I would argue that your point is completely opposite of the fact. We live in an age where if you have an opinion and you search hard enough you can find other peoples who share your opinion (no mater how valid the opinion is). This causes everyone to back into their own corners and not allow for any sort of compromise.

    Hopefully the PI will figure out how to become an online newspaper. I know that from a content standpoint I read the Times and PI more then ever due to their constantly updating blogs.

  47. diderot on January 26th, 2009 4:51 pm

    Just because people do not use newspapers to get their news does not mean we are living in a “sad age”. We now live in an age where there is about 100xs more access to information then we’ve had in the past.

    Sure, but broadband penetration in the U.S. is in the low 60′s. So 40 million homes denied access to a local newspaper is a good idea why?

  48. BobbyAyalaFan4Life on January 26th, 2009 5:15 pm

    Sure, but broadband penetration in the U.S. is in the low 60’s. So 40 million homes denied access to a local newspaper is a good idea why?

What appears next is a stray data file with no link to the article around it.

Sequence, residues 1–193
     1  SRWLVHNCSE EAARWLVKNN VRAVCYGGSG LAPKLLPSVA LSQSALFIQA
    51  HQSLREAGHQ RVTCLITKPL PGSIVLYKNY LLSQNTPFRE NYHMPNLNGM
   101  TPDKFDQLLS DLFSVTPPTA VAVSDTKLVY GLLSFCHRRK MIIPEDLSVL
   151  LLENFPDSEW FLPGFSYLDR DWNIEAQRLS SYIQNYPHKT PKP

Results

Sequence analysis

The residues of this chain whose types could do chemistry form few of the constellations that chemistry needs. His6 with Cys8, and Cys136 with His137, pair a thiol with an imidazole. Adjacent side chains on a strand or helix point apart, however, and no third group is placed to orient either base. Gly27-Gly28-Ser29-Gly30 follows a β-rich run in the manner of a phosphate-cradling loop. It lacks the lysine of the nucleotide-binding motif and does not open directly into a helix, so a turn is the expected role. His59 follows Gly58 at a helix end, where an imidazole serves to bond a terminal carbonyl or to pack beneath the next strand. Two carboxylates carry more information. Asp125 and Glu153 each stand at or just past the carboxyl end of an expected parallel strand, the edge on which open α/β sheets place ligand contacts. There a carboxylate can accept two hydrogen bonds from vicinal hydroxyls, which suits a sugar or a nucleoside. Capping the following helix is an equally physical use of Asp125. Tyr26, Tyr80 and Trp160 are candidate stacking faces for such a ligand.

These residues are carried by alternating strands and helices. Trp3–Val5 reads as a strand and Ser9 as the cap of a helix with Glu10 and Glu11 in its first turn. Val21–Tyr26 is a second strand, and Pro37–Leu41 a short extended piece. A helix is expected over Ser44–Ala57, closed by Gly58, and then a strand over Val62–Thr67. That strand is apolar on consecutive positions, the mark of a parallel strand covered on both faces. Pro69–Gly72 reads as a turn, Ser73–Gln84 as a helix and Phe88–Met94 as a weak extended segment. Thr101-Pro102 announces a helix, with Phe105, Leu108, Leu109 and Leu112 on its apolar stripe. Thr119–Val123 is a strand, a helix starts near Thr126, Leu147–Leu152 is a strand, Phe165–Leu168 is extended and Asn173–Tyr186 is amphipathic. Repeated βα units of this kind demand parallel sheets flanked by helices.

This feeds directly back into what I was saying about how while a new mass populace alternative to newspapers has emerged and will continue to form, newspapers will survive because of the niches they serve. Even if you do get the ‘net at your shack in the boonies, chances are no one from your small remote area is blogging or putting together a forum or any of that. It’s for that reason we continue to see the community newspapers thrive despite “competition” from the big boys and lowering ad revenues. People understand that if you live in Lake Stevens, and you want the best local news available, you pick up the Journal, not the Times or PI. Same thing in Gig Harbor; you’d go Gateway over the Trib; etc etc. The same could be said from coast to the Wa-ID border and everything in between.
    So while we do have more information and more avenues to explore, in small community cases, the local paper continues, and will continue, to be one of the top sources of news and information.

  49. Breadbaker on January 26th, 2009 10:02 pm

    We had switched to the P-I from the Times when the Times went to morning distribution. I’d always had an afternoon paper (I don’t know if there are any anymore anywhere), but had always preferred the P-I as a paper. So this is sad. That being said, I actually read the paper more online than in its printed form. But it’s nice to read parts of it while I eat my lunch, and it’s a great firestarter.

  50. BLYKMYK44 on January 27th, 2009 1:17 pm

    Sure, but broadband penetration in the U.S. is in the low 60’s. So 40 million homes denied access to a local newspaper is a good idea why?

    - Are the 40 million homes who don’t have Internet access shelling out money for a newspaper?